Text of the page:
Letters to the editor: Sept. 11

Published 12:00 am Sunday, September 11, 2022

Memories of Empire Hotel

A friend of mine sent me the article about the Empire Hotel. I was so happy to know someone was going to renovate it. I have many fond memories of that place.

In 1933 at the age of 4 , I started my dance career in the ballroom there. Frances Henderson who owned Henderson School of Dance taught there for many years. She gave up the studio in the early ’40s so I had to travel to Charlotte until I finished high school.

A Mr. Foust was manager of the Empire the whole time I took classes.

My dancing career lasted for 30 years . I owned my own dance studio in Salisbury and Lexington during the late ’40s and early ’50s. My husband, Derwood Huneycutt, and I moved with our five children to Thomasville where I continued teaching dance and I now live.

— Lummie Jo Huneycutt


Parents need to talk to children

I am an advocate for teachers and for students. I respect and appreciate teachers. I respect and appreciate students.

There is a lot in the media regarding mental health, bullying and cyber bullying. Has it occurred to any parent or school administrator that the underlying trauma some children feel may be coming from the classroom? Not always from the other students but from some teachers?

In speaking to a Rowan-Salisbury Schools board member, I gleaned the thought that unless a person has a heart for teaching, a respect for people and a love for children they should not be in the classroom.

My plea to all parents is to talk with your children. Know what is being said to and about your child by teachers, bus drivers and other school personnel. Words have a lasting effect on young minds. The impact can be good or bad. Be a role model for your children and please be an advocate for them.

  Doris Brown


I’m with Clyde on cardboard boxes

Just wanted to comment on Clyde’s recent article about cardboard boxes. He certainly raises many points in respect to cardboard vs. plastic.

Having fun growing up playing with cardboard and his reminiscing brought back sentimental memories for me as well. A quite enjoyable article. I just wanted to make mention that this generation most likely will never experience the fun we did with boxes. You can’t get them off their games long enough to go outdoors and be creative. It is no wonder that this country has an all-time high with juvenile diabetes and obesity.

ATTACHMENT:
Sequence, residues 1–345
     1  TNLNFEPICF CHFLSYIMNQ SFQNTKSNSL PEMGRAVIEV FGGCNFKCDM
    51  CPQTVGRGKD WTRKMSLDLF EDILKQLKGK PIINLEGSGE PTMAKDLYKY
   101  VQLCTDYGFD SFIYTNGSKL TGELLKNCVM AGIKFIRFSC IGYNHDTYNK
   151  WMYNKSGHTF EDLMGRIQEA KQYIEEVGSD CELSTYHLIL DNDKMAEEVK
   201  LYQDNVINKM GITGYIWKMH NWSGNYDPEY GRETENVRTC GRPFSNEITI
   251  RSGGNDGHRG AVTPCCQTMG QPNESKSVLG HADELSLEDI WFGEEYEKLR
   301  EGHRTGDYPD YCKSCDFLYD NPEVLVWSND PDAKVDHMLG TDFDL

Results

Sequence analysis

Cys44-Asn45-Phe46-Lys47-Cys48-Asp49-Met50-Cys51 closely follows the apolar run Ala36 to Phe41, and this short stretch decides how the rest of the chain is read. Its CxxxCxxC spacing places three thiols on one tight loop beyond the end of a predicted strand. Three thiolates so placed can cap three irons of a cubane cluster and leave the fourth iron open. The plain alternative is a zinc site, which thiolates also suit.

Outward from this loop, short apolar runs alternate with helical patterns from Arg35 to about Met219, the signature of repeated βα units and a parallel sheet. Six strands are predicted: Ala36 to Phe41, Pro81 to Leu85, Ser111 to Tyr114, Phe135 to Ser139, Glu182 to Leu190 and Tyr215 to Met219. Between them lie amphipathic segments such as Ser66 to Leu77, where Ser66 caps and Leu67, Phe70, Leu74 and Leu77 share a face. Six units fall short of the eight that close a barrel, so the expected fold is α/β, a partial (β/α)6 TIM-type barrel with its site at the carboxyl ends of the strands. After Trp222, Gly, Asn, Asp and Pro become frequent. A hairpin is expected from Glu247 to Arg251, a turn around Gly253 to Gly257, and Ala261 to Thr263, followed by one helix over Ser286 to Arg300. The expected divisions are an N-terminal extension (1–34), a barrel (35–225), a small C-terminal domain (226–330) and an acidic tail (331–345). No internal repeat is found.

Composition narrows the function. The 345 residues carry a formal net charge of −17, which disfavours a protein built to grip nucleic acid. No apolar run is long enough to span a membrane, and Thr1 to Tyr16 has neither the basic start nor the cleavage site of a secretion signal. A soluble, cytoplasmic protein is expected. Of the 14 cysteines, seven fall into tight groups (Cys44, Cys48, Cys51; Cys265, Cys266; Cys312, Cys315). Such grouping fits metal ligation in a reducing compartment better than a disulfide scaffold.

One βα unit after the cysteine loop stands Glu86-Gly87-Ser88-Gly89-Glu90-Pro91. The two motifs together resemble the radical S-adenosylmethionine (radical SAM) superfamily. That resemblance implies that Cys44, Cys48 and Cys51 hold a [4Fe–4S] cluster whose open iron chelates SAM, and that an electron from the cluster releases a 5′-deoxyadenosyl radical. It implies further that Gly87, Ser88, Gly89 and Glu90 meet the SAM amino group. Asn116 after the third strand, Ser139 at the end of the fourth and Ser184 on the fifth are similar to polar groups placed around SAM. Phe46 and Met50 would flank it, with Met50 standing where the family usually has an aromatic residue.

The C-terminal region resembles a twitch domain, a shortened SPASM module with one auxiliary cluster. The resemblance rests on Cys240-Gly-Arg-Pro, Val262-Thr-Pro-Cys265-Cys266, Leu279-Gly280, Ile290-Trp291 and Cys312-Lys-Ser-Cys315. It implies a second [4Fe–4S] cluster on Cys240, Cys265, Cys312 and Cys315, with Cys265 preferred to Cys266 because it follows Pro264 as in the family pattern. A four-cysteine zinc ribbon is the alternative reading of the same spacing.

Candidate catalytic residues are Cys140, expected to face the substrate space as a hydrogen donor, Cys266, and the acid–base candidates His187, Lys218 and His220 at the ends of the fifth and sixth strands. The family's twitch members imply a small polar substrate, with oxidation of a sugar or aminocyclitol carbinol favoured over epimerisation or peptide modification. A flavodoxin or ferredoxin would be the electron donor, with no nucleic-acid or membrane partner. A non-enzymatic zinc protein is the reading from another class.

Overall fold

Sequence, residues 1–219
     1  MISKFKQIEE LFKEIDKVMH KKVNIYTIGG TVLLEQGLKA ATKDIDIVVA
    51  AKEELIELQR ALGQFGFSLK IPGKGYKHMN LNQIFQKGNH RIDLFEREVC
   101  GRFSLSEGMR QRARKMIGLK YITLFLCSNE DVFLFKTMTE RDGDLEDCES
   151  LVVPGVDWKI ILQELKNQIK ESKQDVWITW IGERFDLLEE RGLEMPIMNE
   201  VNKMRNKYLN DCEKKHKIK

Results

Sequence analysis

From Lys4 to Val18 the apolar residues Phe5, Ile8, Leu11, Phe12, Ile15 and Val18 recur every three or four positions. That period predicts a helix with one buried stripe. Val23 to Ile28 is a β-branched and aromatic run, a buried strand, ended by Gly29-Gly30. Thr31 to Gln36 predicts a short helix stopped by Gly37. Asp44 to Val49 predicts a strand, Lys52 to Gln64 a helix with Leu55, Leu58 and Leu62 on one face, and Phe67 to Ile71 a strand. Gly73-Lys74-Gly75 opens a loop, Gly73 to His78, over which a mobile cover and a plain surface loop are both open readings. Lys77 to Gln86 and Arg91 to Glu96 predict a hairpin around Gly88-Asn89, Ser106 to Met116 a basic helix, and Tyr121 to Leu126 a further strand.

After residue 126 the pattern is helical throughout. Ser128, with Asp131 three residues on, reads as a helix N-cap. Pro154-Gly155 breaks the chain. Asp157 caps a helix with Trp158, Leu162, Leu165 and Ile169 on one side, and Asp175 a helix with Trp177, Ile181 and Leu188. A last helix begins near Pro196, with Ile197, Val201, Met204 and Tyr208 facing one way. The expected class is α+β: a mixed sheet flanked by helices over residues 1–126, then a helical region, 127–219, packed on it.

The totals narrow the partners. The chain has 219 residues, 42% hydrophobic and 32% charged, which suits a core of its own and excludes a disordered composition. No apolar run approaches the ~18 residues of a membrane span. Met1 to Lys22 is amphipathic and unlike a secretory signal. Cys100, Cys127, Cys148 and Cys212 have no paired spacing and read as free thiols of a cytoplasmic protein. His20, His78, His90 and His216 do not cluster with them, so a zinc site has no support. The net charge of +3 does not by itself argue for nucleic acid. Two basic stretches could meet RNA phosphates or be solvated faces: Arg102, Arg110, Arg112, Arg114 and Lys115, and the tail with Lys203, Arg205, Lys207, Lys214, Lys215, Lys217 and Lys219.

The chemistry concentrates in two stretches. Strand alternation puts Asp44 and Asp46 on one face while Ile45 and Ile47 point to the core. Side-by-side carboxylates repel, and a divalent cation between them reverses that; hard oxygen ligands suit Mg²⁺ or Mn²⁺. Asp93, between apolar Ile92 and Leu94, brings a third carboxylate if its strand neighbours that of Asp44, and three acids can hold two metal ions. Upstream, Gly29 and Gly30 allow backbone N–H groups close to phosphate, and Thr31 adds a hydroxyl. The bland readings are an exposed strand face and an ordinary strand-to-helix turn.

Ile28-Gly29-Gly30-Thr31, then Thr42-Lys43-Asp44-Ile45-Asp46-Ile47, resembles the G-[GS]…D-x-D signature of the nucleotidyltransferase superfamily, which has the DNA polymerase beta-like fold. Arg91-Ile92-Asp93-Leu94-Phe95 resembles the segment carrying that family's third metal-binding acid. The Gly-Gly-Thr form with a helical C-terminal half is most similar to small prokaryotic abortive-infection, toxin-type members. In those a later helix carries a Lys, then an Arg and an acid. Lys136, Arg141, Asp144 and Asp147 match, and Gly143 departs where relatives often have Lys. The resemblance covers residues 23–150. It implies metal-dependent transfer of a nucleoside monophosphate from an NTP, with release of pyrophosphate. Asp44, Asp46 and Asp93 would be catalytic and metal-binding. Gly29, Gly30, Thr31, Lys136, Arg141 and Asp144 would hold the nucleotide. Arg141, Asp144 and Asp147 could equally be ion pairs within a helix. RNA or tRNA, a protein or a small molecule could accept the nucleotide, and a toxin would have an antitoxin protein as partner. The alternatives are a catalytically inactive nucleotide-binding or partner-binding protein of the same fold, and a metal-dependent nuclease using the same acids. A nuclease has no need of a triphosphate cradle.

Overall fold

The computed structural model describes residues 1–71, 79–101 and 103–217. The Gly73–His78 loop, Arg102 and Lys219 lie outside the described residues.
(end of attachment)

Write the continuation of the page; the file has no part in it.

Plastic vs. paper is definitely a problem. Most people have no idea how much paper is wasted … especially copy paper! It is unbelievable. Multiply that by cities, counties and 50 states. Big, tall mighty trees will become obsolete as we once knew as shade trees.

I suppose we could all be more conscientious of our paper waste and also the plastic grocery bags. Using the reusable cloth or mesh grocery bags is a good start. Hopefully the ones that can plant trees in their yards, will. Perhaps the big developers will add more trees in their acres of parking lots. Parking decks make more sense than parking lots I do believe. If we all do our part, every little bit will add up.

I’m with Clyde … save you a box or two!

— Gwen Johnson

China Grove

Why penalize those who paid into Social Security

I have contributed to Social Security for many, many years with companies in the private sector.

I am a retired federal employee writing to raise awareness of the devastating effects of the Windfall Elimination Provision (WEP) experienced by nearly 2 million people. This policy reduces the earned Social Security benefits of local, state and federal retirees who worked in Social Security-covered private-sector employment, and who also earned an annuity from their non-Social Security covered government employment. The WEP can result in a monthly Social Security benefit that is $512 lower than deserved, causing undue financial distress

Why should we be penalized for working hard for our country?

Additionally, spouses are feeling the burden of the Government Pension Offset (GPO), a similar penalty, which prevents them from collecting the Social Security benefits their spouses earned from private-sector jobs due to their public service. The GPO affects 723,970 beneficiaries, 48 percent of which are widows or widowers, and 52 percent of whom are spouses.

We rightfully earned these benefits in exchange for our dedication and hard work to the nation, and, as such, I am inviting other retirees affected by the WEP and GPO to join me in calling on Congress to repeal these unfair provisions. Furthermore, I am writing to urge lawmakers to support H.R. 82/S. 1302. It’s past time to stop punishing us for our public service and allow for us to collect what we rightfully earned.

— Paul Zito

High Point